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Peer Pressure & Mental Health

Updated: Aug 19, 2022

"After successfully publishing our blog - 'Gentle Parenting' by Manali Chakraborty (dt. 11 April 2022), we are back with its sequel" - Team Forward

“Pressure from Peers will not give you Fears but Tears in the end. Peer Pressure is a disease… just don’t fall for it.” – Olivia Kwartemaa

As we are trying to sort our feelings through psychology and the internet, high school and college students are attempting suicides, and quite a number of them are being successful at it.

There was a decline in mental disorders among students in high schools and colleges from 2000-2007 but it nearly tripled within 2007-2017; with 48% of ones here now, at risk of gneral anxiety, 45% at risk of social anxiety and 39% at risk of PTSD – Post Traumatic Stress Disorder. Statistics have some meaning, right?

I know, many aren’t even that surprised. Trust me. I'm a kind of in that category. Peer pressure, family pressure, boredness, adolescence, low self-esteem and so on, they need to hit us right at same point of time; especially when our academics need to be at their zest of excellence for us to have a ‘brighter’ future. We all think at one point. What is the use of a bright future, when my present is this dark and I'm not even enjoying myself with something that I would have to do for the rest of my life against my will? Work isn't only for the sole purpose of earning money, or is it? Of course not. Work is for better maintenance of mental health too.

Decline in the mental health of the youth preceded the pandemic, but students are now dealing with stress, disengagement, headaches, eye strain and loneliness. Sitting at home, all day, at that one daily ‘throne’; disturbance and distractions from the sidelines (typical Indian parents?) must not be our daily routine, right? Breakfast in bed, No physical education periods, No fun of art and craft classes like school, No hanging out with friends! When you were supposed to be at the peak of your enjoyment in life, you are, sitting at home in fear of the pandemic days after days with no hope of betterment of the situation, staring at your gadgets for hours, straining your eyes, knowing you’re potentially going to have to deal with a throbbing headache for the rest of the day. It isn’t definitely fun, right? Unlike what elders would like to think, this affects more than what meets the eye. This isn't like “okay, you’ll just not be able to see your friends at school for a few months and have to study from home.”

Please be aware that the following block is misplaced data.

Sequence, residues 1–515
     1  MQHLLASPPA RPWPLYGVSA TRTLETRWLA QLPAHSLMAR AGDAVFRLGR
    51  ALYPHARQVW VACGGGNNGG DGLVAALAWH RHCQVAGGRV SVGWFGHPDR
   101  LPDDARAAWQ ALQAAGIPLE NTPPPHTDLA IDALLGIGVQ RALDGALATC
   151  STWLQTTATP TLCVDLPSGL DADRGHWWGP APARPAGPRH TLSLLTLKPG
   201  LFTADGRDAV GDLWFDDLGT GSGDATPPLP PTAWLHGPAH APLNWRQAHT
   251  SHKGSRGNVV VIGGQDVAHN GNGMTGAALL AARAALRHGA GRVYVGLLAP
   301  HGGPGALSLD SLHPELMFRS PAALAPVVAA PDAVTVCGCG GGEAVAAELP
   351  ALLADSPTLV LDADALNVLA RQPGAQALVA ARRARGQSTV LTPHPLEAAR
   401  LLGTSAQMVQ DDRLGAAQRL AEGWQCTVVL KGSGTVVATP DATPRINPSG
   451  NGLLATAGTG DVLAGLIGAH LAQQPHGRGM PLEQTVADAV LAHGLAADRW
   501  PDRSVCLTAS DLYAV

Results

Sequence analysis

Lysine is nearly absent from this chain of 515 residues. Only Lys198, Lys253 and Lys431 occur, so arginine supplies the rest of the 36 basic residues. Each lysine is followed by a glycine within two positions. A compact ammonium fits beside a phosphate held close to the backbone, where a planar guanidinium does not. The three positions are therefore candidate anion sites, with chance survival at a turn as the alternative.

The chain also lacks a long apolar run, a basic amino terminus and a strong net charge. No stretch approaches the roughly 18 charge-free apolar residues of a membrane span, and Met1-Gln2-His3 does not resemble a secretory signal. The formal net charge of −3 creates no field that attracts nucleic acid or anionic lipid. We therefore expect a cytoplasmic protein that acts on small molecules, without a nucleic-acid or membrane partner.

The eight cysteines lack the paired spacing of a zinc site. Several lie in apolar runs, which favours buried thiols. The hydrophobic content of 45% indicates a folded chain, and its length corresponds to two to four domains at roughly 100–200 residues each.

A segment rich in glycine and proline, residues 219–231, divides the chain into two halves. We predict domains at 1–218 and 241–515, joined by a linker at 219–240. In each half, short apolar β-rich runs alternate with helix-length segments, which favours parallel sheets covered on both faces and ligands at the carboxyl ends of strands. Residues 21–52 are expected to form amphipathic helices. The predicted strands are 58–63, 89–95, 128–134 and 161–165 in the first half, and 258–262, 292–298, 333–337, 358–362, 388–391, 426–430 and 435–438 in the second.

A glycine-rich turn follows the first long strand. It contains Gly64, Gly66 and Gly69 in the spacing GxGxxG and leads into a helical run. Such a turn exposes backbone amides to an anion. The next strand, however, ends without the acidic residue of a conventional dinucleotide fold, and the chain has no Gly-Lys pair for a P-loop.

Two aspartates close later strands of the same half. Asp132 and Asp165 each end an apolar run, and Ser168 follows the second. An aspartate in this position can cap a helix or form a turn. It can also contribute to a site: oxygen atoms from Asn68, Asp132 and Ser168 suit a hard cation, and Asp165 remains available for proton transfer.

That disinterest, tiredness, lethargy that accumulates within you overtime which you don't even realize unless it becomes unbearable to the point that expressing it just becomes a temper tantrum in front of others. Your parents are going through the same thing as you are. Their job is potentially at risk which can lead to… well let’s not mention it here, actually we all know that. But does that make it any less painful to us than at that time being? The brain may know that we need to be understanding now and make peace with necessities and not demand luxury. But that inner feeling that constantly knocks you at the back of your head is…what is that? And those class toppers? Still topping in spite of these conditions? What about that?

“Mental health issues are linked with decreased mental capacities, which may affect academic success”. This statement from ‘Stigma and Help-seeking for Mental health among college Students’ probably summarizes our pathetic state, post-COVID. Then, online exams, tests, cancellation of the boards hadn’t helped us to keep it real in those 2 years. Our mental health had so many blows to handle within that time gap, that being thrown again in these normal conditions suddenly, made us fall. This time, in a deep pit, where we still don’t know how to effectively fight this and climb up to our original mental capacity and continue further. On top of that, we aren’t being given time to cope up. Everybody wants us to just, move on and transform into the students we were a few years ago. The depression and anxiety have already bereft us of our mental capacities and academic excellence. This is science talking, and not consolation. And the fact we are abundantly told “we had more time to study, sitting at home, from the safety of our homes, from the comfort of our homes…” is absolutely irritating, which at the same time, guilt-tripped us like no other and lowered our esteem even further down to the deepest. We aren’t exactly that little to not understand real life problems and make sacrifices. But sometimes, sacrifices, we are willing to make, still aren’t enough. It doesn’t make a tad bit of a difference, really.

“Families at home are also going through severe stress with conflicts, job stressors, financial problems, parental conflicts and even abusive relationships.” We understand. But in return, who understands us? Who understands that, regardless of the age group, each age’s prime problem is the most important and difficult for them? Well, even if adults do, they really don’t have a good way of showing it. Does it show the author’s pent-up frustration or am I reciprocated?



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